Tuesday, August 25, 2009
Walking A Fine Line: Satire, Stereotypes and 'Single Asians'
A video showing members of the Mixed Company of Yale University singing group dancing to their adapted version of Beyonce’s “Single Ladies” entitled “Single Asians” is forcing people to ask an age-old question: should we or shouldn't we use stereotypes to challenge oppression? While I do not think there is a definitive answer to this question, I think it is important to have the conversation.
If we are trying to laugh at stereotypes to debunk them, what happens when some of us are laughing in agreement with the stereotypes? While stereotypes can be used in a satirical manner in order to try and reveal to the audience that their ways of categorizing the world are not only laughable, but dangerous, most popular culture bolsters stereotypical thinking rather than subverts it. As Harry Allen asks: "does Yale’s 'Single Asians' debunk or traffic old stereotypes?"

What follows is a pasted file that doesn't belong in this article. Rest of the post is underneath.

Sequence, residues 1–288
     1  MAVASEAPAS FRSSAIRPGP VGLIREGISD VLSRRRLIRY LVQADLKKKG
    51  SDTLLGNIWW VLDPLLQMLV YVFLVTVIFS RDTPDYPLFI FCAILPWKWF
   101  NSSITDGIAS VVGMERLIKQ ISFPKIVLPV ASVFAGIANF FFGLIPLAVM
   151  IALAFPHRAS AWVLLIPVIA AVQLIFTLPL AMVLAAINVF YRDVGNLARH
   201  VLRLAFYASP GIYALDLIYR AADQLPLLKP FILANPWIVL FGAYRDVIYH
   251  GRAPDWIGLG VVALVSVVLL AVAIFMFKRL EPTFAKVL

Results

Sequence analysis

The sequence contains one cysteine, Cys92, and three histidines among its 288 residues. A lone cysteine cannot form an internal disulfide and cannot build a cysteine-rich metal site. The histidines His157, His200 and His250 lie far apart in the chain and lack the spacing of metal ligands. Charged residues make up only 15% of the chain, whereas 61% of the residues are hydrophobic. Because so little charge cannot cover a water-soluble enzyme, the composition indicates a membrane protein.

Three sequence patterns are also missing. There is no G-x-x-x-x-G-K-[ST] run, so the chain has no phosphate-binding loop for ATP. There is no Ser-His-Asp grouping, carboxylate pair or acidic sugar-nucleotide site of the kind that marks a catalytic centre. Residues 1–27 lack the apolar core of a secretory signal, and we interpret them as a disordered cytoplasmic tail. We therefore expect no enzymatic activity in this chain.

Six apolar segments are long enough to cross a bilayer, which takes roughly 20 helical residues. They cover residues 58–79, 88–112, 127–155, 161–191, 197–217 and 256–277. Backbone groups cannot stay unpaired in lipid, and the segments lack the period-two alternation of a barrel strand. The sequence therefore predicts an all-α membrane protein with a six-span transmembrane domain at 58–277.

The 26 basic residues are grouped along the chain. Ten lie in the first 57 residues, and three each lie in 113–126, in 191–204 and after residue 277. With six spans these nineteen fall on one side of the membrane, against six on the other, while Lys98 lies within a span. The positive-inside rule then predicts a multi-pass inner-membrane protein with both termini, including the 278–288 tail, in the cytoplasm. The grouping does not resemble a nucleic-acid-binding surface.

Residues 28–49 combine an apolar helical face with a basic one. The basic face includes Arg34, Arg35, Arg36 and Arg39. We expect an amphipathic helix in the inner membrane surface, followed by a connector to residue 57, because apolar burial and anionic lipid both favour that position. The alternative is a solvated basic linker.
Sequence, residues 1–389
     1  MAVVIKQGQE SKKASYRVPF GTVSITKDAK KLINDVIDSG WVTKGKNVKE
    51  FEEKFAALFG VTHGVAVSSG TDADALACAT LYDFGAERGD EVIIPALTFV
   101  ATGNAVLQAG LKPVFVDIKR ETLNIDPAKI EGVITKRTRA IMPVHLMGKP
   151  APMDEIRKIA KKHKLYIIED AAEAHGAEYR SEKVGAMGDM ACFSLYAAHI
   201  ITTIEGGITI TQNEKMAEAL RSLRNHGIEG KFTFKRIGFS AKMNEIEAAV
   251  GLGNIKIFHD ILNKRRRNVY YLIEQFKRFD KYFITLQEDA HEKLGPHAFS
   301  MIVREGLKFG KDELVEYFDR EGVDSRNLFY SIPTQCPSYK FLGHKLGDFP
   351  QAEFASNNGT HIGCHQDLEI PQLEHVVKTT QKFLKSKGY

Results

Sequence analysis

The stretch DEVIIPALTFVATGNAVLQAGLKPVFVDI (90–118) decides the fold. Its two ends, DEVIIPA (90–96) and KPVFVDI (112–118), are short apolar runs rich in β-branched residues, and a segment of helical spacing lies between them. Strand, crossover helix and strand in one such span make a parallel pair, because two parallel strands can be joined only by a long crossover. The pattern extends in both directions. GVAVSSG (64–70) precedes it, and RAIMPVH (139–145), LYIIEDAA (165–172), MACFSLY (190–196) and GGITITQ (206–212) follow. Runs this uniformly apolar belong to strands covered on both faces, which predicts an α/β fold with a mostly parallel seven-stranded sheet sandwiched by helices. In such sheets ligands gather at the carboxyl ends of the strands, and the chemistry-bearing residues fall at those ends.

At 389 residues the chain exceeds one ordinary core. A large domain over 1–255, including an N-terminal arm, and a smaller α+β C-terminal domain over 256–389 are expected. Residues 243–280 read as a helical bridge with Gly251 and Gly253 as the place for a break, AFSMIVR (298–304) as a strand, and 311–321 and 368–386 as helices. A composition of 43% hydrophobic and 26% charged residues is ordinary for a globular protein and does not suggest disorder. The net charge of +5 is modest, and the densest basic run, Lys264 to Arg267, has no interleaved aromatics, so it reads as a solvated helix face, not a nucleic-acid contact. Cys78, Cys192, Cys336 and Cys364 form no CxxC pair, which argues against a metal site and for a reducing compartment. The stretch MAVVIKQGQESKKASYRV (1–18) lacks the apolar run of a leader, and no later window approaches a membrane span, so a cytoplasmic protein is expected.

Recognizing the difference between comedy that attempts to shine a light on negative aspects of society in order to encourage those laughing to examine the faulty beliefs we are taught about certain groups versus comedy that highlights those stereotypes merely to suggest “ha, ha, aren't those stereotypes funny?” can be tricky. This video could be an empowering opportunity for Asian women to use these stereotypes to foster a dialogue about the place of Asian women in US society. On the other hand, it could merely be yet another chance to laugh at Asian women. Does this video critique racism and sexism or does it merely bolster it?
I'd love to know what you think.